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LWolf

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Member since: 2003 before July 6th
Number of posts: 46,177

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That's a coincidence.

I was just thinking about this topic this morning, as I got ready to leave the house.

It started as I reached for a bra, mentally groaning, stretching my chronically aching, inflamed back and tight shoulders, and wishing again that I'd grown up flat chested instead of a triple D, regardless of how thin, or not, the rest of me might be. I remembered the knowledge, from about age 11, that I'd never have trouble attracting male attention, and that other girls were envious. I remembered learning, over the years, what a double-edged sword that was, and that I couldn't ever expect males to be interested in me as a person rather than an object. I remembered the years learning to hide, to blend in, to be unnoticeable and unmemorable so that kind of attention would be directed elsewhere. I thought about the relief it was to become "too old" to attract sexual attention.

I remembered being raised by a wonderful mom who was attracted to, and addicted to attracting, "bad" boys, and how truly BAD they were, and having to negotiate the environment with them in it. I remembered growing up always feeling inadequate, because my tomboy self was never "pretty" nor "girlie" enough for her. I thought about how, still, when I'm 53, she still constantly comments on what I look like, what I'm wearing, my weight, etc., etc., etc., and how, still, in her mid-70s, she is still overly (to me) obsessed with what SHE looks like.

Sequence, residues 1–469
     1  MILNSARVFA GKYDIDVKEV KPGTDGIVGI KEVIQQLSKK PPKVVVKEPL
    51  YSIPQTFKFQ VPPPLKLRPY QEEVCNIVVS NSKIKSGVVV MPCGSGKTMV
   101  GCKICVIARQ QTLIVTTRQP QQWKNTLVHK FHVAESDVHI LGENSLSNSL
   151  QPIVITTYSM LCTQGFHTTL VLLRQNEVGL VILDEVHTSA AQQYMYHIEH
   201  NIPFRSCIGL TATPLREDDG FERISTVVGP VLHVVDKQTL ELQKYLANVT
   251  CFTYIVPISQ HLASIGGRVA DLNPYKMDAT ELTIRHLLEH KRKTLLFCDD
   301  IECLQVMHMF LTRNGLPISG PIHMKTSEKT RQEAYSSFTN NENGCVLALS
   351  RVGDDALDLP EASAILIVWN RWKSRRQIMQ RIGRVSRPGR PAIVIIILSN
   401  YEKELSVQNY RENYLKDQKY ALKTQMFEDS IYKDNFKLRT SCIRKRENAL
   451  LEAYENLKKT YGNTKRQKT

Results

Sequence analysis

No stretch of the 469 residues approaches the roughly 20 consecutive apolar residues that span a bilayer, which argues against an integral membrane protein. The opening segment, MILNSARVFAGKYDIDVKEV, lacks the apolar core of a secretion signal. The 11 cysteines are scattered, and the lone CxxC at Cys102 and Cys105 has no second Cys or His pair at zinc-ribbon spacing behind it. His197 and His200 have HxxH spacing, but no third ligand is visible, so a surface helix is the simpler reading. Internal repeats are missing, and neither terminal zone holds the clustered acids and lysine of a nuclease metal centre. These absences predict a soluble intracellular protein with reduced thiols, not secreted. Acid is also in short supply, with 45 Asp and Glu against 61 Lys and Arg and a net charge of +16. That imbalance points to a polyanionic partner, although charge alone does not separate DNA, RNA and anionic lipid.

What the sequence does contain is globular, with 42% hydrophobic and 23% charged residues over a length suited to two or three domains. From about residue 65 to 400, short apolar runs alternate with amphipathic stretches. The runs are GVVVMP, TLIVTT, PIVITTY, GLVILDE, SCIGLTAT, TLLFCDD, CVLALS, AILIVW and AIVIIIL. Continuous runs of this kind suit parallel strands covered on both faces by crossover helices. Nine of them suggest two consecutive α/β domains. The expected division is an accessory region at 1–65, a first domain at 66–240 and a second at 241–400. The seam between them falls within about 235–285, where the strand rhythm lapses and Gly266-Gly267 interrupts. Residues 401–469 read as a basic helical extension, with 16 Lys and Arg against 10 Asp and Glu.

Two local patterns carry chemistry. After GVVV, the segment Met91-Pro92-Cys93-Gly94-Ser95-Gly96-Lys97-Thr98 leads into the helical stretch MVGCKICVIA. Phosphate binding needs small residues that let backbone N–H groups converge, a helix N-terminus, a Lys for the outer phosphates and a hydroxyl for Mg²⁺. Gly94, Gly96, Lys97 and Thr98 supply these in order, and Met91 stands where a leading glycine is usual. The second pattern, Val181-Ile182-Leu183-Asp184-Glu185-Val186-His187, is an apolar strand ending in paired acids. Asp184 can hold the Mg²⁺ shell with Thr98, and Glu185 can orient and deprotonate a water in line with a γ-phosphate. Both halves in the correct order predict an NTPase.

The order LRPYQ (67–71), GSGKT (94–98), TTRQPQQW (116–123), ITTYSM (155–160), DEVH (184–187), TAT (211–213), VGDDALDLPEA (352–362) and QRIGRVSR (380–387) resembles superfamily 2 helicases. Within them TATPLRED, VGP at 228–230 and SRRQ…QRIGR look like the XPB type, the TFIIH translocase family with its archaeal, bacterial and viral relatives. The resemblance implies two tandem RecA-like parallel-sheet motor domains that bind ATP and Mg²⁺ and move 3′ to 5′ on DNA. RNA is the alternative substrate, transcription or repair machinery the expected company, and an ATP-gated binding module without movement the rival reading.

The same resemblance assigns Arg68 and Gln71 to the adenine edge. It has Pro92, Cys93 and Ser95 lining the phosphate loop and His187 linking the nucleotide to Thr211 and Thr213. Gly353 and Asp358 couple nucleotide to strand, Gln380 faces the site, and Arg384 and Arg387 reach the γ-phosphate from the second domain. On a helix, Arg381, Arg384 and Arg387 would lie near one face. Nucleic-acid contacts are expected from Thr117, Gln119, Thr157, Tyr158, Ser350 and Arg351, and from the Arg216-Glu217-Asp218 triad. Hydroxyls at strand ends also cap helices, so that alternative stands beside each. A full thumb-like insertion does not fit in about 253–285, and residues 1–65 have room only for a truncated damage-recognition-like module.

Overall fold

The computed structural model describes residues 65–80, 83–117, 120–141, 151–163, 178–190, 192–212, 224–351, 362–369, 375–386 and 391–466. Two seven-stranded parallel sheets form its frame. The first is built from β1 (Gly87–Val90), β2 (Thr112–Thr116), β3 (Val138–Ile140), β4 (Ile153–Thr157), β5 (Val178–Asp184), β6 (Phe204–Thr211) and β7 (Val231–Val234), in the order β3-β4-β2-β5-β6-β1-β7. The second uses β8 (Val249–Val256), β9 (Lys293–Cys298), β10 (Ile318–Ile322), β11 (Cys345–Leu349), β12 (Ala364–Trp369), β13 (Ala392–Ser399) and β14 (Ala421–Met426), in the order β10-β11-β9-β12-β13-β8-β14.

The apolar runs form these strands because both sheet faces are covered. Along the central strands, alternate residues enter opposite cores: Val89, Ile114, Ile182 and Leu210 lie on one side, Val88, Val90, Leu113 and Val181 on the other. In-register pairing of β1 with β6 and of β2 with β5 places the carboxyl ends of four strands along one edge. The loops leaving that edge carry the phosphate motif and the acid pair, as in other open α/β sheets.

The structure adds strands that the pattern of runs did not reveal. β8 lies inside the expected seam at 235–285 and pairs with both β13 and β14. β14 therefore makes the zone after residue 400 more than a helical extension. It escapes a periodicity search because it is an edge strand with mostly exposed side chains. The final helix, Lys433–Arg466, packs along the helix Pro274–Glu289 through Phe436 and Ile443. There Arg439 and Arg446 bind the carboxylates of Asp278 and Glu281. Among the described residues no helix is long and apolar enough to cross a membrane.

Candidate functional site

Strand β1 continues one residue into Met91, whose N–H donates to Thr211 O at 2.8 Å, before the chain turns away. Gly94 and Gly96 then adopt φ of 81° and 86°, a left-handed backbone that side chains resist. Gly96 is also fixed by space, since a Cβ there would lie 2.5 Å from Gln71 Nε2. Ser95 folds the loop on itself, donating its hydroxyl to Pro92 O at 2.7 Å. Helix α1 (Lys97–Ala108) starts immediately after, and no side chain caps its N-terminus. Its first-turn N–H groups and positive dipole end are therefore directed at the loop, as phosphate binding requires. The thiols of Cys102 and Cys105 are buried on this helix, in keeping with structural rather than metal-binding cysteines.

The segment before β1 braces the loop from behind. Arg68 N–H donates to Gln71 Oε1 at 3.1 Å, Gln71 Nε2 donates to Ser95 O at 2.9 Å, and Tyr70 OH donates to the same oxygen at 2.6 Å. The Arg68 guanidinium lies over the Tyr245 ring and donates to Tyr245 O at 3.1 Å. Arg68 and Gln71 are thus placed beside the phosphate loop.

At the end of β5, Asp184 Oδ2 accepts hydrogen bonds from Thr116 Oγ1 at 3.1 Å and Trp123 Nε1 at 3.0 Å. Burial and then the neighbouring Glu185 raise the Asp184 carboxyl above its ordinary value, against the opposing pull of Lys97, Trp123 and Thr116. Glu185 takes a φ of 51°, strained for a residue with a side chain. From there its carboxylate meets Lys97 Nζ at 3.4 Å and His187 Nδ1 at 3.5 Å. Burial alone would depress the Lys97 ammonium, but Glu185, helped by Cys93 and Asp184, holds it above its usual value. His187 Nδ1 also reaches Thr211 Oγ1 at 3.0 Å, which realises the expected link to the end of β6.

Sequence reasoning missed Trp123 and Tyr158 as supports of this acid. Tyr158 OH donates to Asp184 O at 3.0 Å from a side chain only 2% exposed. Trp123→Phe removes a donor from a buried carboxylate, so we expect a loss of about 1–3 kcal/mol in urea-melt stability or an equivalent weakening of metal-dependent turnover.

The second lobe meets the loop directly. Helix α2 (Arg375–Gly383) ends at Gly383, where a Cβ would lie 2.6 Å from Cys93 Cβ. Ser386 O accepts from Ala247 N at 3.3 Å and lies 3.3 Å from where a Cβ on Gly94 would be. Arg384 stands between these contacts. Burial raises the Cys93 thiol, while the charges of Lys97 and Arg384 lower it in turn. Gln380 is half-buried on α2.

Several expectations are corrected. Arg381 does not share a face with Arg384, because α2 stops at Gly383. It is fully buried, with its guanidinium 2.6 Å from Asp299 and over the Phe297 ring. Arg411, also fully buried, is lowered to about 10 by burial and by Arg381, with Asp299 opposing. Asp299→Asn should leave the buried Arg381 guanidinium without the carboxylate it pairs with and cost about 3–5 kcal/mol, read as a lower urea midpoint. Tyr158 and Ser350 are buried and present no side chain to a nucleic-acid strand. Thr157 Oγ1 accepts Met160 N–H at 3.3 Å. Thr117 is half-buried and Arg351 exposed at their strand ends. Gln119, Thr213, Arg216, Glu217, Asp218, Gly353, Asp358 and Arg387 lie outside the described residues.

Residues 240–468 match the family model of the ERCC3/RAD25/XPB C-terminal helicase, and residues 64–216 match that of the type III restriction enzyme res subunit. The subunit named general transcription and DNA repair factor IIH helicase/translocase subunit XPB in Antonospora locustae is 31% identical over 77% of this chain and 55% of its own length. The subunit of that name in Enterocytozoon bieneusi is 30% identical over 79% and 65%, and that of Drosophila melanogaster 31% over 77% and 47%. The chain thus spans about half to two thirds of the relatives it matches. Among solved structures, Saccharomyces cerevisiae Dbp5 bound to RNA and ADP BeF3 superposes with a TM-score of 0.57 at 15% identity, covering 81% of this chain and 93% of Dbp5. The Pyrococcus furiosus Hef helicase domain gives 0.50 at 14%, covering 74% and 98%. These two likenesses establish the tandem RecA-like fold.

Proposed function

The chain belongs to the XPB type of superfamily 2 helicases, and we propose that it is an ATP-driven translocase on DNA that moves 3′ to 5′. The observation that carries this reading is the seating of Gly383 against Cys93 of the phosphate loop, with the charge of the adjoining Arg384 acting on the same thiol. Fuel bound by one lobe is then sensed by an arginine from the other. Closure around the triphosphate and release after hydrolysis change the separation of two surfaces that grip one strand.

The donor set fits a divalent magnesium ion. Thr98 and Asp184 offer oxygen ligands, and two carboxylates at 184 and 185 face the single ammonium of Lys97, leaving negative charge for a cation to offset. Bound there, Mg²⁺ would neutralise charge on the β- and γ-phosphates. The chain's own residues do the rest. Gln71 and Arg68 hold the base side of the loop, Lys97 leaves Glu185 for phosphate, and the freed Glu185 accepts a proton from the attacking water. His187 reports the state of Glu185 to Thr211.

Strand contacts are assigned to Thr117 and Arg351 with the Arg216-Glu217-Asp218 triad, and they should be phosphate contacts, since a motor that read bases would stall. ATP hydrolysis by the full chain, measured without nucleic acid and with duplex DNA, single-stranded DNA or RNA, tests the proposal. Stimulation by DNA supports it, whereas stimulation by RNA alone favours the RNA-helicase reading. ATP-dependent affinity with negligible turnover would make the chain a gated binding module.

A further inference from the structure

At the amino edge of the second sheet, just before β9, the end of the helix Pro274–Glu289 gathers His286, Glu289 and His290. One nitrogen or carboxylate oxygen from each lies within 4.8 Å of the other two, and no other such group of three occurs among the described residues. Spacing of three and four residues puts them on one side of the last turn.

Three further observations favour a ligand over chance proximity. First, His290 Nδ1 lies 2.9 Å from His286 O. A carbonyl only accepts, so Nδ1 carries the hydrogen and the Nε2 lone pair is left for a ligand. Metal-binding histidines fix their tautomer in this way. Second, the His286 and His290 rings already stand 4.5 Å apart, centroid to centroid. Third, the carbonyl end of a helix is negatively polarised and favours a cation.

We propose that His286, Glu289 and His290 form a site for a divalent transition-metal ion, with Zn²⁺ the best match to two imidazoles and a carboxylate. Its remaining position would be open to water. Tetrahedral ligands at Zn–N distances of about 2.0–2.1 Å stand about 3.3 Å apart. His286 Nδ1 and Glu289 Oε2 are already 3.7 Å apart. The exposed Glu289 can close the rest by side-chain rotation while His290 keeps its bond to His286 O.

I thought about the way she was raised, the lack of love and total lack of confidence and esteem she grew up with, that she learned to value herself when boys and then men valued her for something...something that was never her otherwise intelligent intellect or her heart and soul. I forgave her, and by extension, all of my sisters across the planet who feel that they need a man to validate them, because I understand. I understand where it comes from, I understand what it feels like, and I understand that I'm unusual in being able to break that pattern in my own life. I'm thankful that I had 2 sons and no daughters to pass that conditioning on to; that my sons grew up expecting the women around them to be whole people, and that, as adults, they treat women that way.

We're all in different places on the continuum. It's all interconnected, and social/cultural/gender evolution is a complex process.
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